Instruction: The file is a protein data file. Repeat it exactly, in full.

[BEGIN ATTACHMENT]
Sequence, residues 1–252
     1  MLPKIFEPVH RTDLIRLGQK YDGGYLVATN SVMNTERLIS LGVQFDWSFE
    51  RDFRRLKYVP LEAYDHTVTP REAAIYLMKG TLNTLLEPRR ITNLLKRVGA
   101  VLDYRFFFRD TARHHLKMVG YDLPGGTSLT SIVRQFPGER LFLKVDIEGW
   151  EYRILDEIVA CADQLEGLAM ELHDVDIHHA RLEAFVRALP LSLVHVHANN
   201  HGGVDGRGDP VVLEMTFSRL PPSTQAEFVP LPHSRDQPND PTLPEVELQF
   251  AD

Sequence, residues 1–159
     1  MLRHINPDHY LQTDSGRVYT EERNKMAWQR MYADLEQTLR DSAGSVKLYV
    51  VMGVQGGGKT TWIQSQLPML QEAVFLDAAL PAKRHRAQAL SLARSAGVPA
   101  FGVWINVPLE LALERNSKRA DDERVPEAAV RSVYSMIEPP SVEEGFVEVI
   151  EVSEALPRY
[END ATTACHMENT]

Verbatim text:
Sequence, residues 1–252
     1  MLPKIFEPVH RTDLIRLGQK YDGGYLVATN SVMNTERLIS LGVQFDWSFE
    51  RDFRRLKYVP LEAYDHTVTP REAAIYLMKG TLNTLLEPRR ITNLLKRVGA
   101  VLDYRFFFRD TARHHLKMVG YDLPGGTSLT SIVRQFPGER LFLKVDIEGW
   151  EYRILDEIVA CADQLEGLAM ELHDVDIHHA RLEAFVRALP LSLVHVHANN
   201  HGGVDGRGDP VVLEMTFSRL PPSTQAEFVP LPHSRDQPND PTLPEVELQF
   251  AD

Sequence, residues 1–159
     1  MLRHINPDHY LQTDSGRVYT EERNKMAWQR MYADLEQTLR DSAGSVKLYV
    51  VMGVQGGGKT TWIQSQLPML QEAVFLDAAL PAKRHRAQAL SLARSAGVPA
   101  FGVWINVPLE LALERNSKRA DDERVPEAAV RSVYSMIEPP SVEEGFVEVI
   151  EVSEALPRY